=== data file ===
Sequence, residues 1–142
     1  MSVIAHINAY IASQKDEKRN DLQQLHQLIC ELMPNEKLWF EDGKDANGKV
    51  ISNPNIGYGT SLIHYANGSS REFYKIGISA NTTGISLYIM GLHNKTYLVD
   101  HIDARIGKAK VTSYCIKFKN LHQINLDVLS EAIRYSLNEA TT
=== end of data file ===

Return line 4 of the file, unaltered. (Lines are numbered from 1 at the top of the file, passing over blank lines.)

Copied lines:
   101  HIDARIGKAK VTSYCIKFKN LHQINLDVLS EAIRYSLNEA TT